1. Another bird feeding strategy is called gleaning. Gleaning is a way birds feed themselves by catching small animals, especially bugs and insects. They grab these creatures from different places such as plants, the ground, or tiny spaces like between rocks or under roofs. Sometimes, they also get these creatures from living animals, like ticks and lice.
2. Watch the video of the bay-breasted warbler gleaning in a tree.
3. Watch the video of starlings gleaning for insects on the ground.
4. Watch the video of the yellow-billed oxpecker gleaning parasites from a water buffalo.

Day 119

1. Probing is a feeding strategy that involves inserting the beak into the ground or another surface and using touch to find food.
2. Read the article about probing.
3. Watch the video about sandpipers gathering shrimp while being hunted.

Day 120

1. Another feeding strategy used by birds in and around the water is called straining. Birds that strain their food use special structures in their bills to separate food from mud or water. Read the article about how flamingos filter food from the water using lamellae in their bills.
2. Watch the video of the northern shoveler straining food from the water. You can see that these ducks use multiple feeding strategies, including dabbling, which we covered earlier.
3. Read the article “What’s the Deal with Duck Bills?” to see close-up pictures of duck lamellae and answer the question “do ducks have teeth?” (Hint: no.)
4. Continue your bird count! (If you are using the paper version and yours is full, you can print another copy of the tally sheet on day 5.) Go outside and count all birds you see or hear for 15 minutes. Try to identify the birds and count how many of each you notice. Save your count sheet (or if you are using the app, be sure you are logged in so your count will be saved.)

Day 121

1. Scavenging is another feeding strategy used by birds, in which they eat carrion or dead animals. The most famous scavenging birds are vultures, although many more types of birds will scavenge on occation.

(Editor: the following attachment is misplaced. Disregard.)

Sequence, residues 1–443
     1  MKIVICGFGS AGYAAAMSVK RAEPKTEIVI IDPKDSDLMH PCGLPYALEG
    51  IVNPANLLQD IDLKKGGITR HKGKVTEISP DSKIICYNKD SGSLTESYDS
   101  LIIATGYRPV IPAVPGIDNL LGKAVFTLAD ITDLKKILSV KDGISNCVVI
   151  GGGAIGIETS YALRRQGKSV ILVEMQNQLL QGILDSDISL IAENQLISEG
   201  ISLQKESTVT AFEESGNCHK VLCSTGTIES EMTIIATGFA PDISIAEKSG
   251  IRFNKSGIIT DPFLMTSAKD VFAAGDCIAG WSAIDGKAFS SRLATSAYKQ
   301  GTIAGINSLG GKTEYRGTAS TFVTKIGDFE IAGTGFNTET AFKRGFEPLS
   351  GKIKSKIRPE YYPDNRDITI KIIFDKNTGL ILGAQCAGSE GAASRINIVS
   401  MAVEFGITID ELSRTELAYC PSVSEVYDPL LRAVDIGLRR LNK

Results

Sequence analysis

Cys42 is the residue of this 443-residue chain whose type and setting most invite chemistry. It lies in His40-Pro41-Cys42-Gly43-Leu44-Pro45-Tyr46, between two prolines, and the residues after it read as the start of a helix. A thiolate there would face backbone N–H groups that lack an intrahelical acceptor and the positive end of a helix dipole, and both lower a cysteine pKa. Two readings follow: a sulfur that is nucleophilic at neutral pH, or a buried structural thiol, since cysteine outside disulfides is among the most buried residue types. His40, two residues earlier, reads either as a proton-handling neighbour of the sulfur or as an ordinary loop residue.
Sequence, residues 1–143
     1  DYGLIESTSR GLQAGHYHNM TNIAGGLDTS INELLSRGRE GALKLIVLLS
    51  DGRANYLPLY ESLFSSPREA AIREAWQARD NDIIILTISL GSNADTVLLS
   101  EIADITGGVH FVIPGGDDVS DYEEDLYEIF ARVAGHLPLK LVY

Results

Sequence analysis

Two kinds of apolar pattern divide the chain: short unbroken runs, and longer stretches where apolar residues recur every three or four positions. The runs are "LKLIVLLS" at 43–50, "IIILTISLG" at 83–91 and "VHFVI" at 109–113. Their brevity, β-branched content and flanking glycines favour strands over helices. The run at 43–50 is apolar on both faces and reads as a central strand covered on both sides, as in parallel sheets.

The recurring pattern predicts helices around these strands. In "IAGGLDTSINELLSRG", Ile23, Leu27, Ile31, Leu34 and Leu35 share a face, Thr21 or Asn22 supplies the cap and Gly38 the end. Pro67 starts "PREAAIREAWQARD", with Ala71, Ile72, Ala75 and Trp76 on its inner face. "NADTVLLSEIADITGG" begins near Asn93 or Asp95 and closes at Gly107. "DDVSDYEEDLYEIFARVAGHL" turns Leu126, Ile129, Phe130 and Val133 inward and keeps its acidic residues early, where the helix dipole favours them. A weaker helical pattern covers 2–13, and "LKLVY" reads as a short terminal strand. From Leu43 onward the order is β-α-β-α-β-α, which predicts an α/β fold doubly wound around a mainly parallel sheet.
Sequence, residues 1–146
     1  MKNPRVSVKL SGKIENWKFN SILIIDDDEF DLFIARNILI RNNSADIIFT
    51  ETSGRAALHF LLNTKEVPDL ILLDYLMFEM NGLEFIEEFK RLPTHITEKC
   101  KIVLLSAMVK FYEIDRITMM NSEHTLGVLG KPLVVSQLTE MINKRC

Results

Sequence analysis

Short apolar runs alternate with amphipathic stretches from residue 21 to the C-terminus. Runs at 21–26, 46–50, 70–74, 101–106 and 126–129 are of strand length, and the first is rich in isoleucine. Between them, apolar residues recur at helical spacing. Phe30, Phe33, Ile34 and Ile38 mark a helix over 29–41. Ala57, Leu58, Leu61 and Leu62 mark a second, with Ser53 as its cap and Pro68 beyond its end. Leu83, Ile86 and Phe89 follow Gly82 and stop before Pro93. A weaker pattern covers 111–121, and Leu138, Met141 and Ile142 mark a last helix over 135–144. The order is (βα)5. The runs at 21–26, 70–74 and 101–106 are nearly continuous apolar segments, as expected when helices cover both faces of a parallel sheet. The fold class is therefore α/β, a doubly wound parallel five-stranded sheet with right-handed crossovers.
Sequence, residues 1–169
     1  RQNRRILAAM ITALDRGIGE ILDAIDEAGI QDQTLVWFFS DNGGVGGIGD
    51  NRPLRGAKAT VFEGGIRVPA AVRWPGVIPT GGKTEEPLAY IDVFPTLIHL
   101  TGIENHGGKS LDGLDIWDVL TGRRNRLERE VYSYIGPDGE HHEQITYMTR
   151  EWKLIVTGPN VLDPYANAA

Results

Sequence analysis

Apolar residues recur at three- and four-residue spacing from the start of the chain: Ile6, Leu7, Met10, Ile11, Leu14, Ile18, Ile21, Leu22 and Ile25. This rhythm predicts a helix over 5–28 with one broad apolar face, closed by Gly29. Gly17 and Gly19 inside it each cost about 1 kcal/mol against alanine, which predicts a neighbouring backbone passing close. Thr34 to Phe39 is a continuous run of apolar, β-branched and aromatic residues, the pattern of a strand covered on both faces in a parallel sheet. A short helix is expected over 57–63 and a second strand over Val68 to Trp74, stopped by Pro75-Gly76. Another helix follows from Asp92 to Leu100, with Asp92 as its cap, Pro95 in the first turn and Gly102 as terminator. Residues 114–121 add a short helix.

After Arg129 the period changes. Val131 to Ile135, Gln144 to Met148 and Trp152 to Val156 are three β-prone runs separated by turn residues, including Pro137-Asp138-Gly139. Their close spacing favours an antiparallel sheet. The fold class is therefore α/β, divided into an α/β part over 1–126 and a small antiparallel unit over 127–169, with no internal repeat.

2. Watch the video about how vultures evolved to eat carrion.

Day 122

1. Finally, we are going to look at birds that catch bugs in the air. There are a few names for this behavior: hawking, flycatching, and screening. Each term refers to a different bug-catching strategy.
2. Hawking is when birds catch flying insects in the air. Watch the video of sand martins hawing mayflies.
3. Screening refers to a strategy where the bird flies along with its mouth wide open, like a net, and catches bugs directly with its mouth. Birds that practice this strategy can typically open their mouths very wide. One bird that practices this strategy is the nighthawk.
4. Watch the video of the nighthawk darting around to screen insects from the air.
5. Look how big its mouth is!
6. Flycatching, on the other hand, is a strategy where birds wait on a perch and then dart out into the air to catch insects. They will return to their perch to eat the bug.
7. Watch the grey wagtail flycatching. Note how it sits on a perch until prey appears. Then it will dart into the air to catch the bug, and return to the same perch.

Day 123

1. Today, watch a documentary- Hunters of the Sky: Europe’s Birds of Prey.

Day 124